Is there one character type or specific setting element that you find yourself returning to over and over? Any ideas why?
I have a strange fondness for two types of characters. One is the healer, and the other is the cypher- or snippet-style* precognitive. The first is easy to explain. I began my role-playing life as a cleric in 1st edition Dungeons & Dragons. The primary purpose of clerics in any edition of D&D is to heal. That experience, which was positive enough that I’ve continued gaming and will continue until I’m too old to order someone to roll dice for me, gave me a fondness for the power of being the person that everyone has to placate to survive.
The second is more complex. I like the precog as a plot device, because it allows me to throw things in that make no sense until later. One can do this with any plot device, of course, but there’s something inherently strange and wonderful about it being impossible to understand until it’s too late, or nearly too late. When you put Chekov’s Gun in a story, everyone knows what will happen: someone or something is going to get shot. With a prophecy, who the heck knows what that crazy crap might mean.
Beyond that, precogs are creepy and raise all kinds of questions about the meaning of life and predestination and fate, which are tons of fun to explore. And then there’s matter of what that ability does to the precog–how it makes them behave, what beliefs they form, and how they cope when others find out and covet it. Precogs are fascinating people.
*By ‘cypher-style’ or ‘snippet-style’, I’m referring to precogs who only know bits and pieces, or who spew some kind of cryptic, rhyming nonsense, as opposed to the ones in The Minority Report that know exactly how everything will happen.
Connie J. Jasperson:
I am always fascinated by the hero’s journey. Joseph Campbell describe that in this way, “A hero ventures forth from the world of common day into a region of supernatural wonder: fabulous forces are there encountered and a decisive victory is won: the hero comes back from this mysterious adventure with the power to bestow boons on his fellow man.”
I am drawn to characters who are thrown into situations that force them to become more than they would have been had their lives continued down the easy path. They have to reach deep within themselves and find the courage to go on, and through that experience they learn what it means to live.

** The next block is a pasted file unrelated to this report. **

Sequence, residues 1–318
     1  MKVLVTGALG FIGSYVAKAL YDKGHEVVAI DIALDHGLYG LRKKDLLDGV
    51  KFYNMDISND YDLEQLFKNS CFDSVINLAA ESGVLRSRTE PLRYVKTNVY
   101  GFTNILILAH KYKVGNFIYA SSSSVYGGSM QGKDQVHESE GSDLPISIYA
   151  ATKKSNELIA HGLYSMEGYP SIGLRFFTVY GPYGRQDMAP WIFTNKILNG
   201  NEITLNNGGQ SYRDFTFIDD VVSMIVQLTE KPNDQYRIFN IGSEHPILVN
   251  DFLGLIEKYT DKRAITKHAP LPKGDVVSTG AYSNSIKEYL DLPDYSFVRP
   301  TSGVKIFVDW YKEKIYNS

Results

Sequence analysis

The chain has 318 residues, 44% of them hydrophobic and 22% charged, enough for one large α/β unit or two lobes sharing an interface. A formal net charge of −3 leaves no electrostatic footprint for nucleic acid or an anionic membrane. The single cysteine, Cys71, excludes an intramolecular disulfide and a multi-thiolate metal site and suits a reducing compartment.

They are not always kind or good, and sometimes they do bad things, but there is always a moral to their story. Many times they find their superpower is compassion, something they may not have had in abundance at the outset of their journey.
Magic, myth, and the uncertainty of life shape my characters.
David P. Cantrell:
I’m so new at writing that I’m not sure I have enough “over and over” data points to answer this question intelligently, but that’s never stopped me in the past, why start now.
I like my female protagonist to be smart, self assured, competent and vulnerable. Vulnerable doesn’t mean swooning instantly if the male lead looks at her. It’s more likely she’ll swoon if he does something nice for a stranger. Gee, does that sound generic, like every romantic comedy you’ve ever seen at a theater? Well yeah, it is, but I want that kind conflict in my stories, even stories with serious issues. Romantic banter is fun to read and fun to write.
I find myself setting scenes around meals. Lunches with co-workers, a breakfast with a stranger, and moonlit dinners are all opportunities to develop characters or move the plot along. Many of us older folks think meal time has lost its importance in families, but I disagree. The fogies (you could substitute self-righteous defenders of past practices) base it on media and assumptions about the rapid pace of life. They assume everyone in the family is so wrapped up in their own endeavors that no one has the time, or the desire, to share their feelings and experiences over a meal. I don’t buy it. It may be pizza at 7:00 pm after a soccer game and dad is still at work, but meals stimulate sharing.